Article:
Bing Webmaster Tools has two unique sections in their dashboard for extracting external link data. They have two sections on their dashboard called Inbound Links and Link Explorer. Both of these tools are incredibly powerful and will give you (the webmaster) a lot of useful information. The inbound links section will show you the anchor text that links out to your website. The Link Explorer section will show you the title tag of the page that links out to your website. Let’s learn how to use both today!
How to Read the Inbound Links
Here we are at the standard dashboard for webmaster tools. You need to go to Reports and Data and click on inbound links. Here I am just looking at the last 3 months of data. As a note, you can change the date to the following ranges.
- The last 7 days
- The last 30 days
- The last 3 months
- The last 6 months
Click on the Target Page to Explore who Links to You
This is what the dashboard looks like when you are on this setting. For this example, I want to see who is linking just to the homepage for the Knights. I am going to click right on the URL that has 98 links to it.
Once I click on the URL, I am presenting this box of information.
What Can I do with This?
We can do a couple of things with this information that we are given from Bing.
First, we can export all of this data into a CSV file. This is important because you should have an idea as to what links back to your website. If Bing is counting these links in Webmaster Tools, then they are important in my opinion.
Second, we now will have an idea as to what our anchor text distribution is for our website. That image above is taken from a side project that I still work on occasionally. I tried very hard to diversify the anchor text so it was not over optimized.
Webmasters can’t control all of the links back to their website. However, we (webmasters) do have some say in a few of the links that we get. Therefore, I would recommend if you have the ability to diversify your anchor text then you should. A lot of SEO’s out there would say I am stupid for having the term website as an anchor text. They might also say I wasted an opportunity with John%0D%0A Boyle O’Reilly as another. Instead, I would look at it as does it make sense for the user? A simple text that says website might make a lot of sense for the users who are looking to go to the website. The term website is also taken for Map Quest.
Third, the anchor text might be taken from your title tag. I have seen a lot of webmasters who take the title tag (or the title name) of a post and link it out to the destination. I think this adds to having a strong and click worthy title tag. A title tag that is not click worthy might then lose out on any referral traffic back to your website.
How to Use Link Explorer for your Website
Here I am at the main dashboard for Bing Webmaster Tools looking at the Link Explorer.
I put in the main homepage URL into the tool. Now I can see every source URL that points back to my website, but now I can see something even cooler. I can see the title tag for that page that links out to my website. I find this really exciting because you can find related websites that also cover these topics when you perform link outreach. What I mean by this is simple. I would use these themes from these title tags and target similar and related websites that I think would make sense to list my own. This is not the most effective way to build some back links, but I do think it is worth a shot.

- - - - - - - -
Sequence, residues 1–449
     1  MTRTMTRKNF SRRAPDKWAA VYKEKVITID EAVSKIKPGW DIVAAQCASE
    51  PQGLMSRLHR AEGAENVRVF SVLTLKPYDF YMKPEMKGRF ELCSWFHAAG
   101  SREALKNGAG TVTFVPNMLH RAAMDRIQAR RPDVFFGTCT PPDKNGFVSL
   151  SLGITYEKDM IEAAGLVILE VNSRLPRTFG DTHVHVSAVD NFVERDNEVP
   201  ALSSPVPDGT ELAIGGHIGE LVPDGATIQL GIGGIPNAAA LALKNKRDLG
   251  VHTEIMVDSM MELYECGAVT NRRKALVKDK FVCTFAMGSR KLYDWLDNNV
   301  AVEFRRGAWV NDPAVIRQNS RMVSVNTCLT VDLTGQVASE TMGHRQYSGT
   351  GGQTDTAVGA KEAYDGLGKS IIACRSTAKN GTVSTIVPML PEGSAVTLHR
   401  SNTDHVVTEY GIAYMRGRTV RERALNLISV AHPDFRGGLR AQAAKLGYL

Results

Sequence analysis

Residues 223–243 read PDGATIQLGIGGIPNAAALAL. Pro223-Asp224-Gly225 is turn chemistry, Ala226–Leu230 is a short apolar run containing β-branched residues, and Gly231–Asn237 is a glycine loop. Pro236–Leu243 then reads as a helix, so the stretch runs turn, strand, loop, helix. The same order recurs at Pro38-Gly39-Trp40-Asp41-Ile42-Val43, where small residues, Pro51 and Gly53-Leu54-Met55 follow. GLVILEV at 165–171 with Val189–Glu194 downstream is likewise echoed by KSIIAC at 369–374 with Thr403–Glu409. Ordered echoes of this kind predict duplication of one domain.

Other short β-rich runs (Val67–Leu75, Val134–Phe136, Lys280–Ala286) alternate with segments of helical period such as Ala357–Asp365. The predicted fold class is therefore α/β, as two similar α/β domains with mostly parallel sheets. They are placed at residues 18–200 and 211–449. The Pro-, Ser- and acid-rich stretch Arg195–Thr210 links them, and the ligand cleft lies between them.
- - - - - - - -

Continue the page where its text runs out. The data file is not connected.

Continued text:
You Can Search by your Entire Domain
This tool can also be used to get a real snapshot of your links. Here I simply changed scope to show my entire domain. This is great if I have a very large website. This can give myself a really quick glance as to the websites that are linking back out to mine.
Use Link Explorer to Get Competitor Links
This entire post was solely about your own website. I would like to take a different approach now when it comes to this tool. This tool can be used for competitive link research. I decided to show one of my project site’s competitors. I put their URL into the tool to see the following information below.
Download all of the Data and Throw it into Excel for Link Outreach
I would put in as many real competitors into this tool and simply click on the export tab. Then, I would put all of the exported data into separate tabs with the label for each domain. Next, I would create a new tab where I would then copy and paste all the tabs into one spreadsheet. Once that is completed I would then run a formula in Microsoft Excel to “remove duplicates” so I am just looking at unique websites.
Now I will download the data from Bing for my own website and color code the results so I know what is my website. Then I would run a condition formula in excel to show any duplicates between my website and my competitors. Then I would use this as a template to explore some of my external link targets.
Bing Webmaster Tools is not a replacement for some of the tools that I listed at the start of this post. However, I think this tool should be used as a resource for anyone who is serious about improving their websites. I think these two tools allow everyone to get a real quick glance into what your website is looking like on Bing. If you don’t use Bing and think it is a waste of your time I will leave you with this.
If Bing is showing a heavy and over used anchor text (from the inbound links section), then Google sees it too. If you care about your Google traffic, then you should use this tool as a priority to not get penalized by Google. Google Webmaster Tools at the moment does not show the anchor text data for the links back to your website. Therefore, this tool can save you money and give you real insight into your website according to the actual search engine.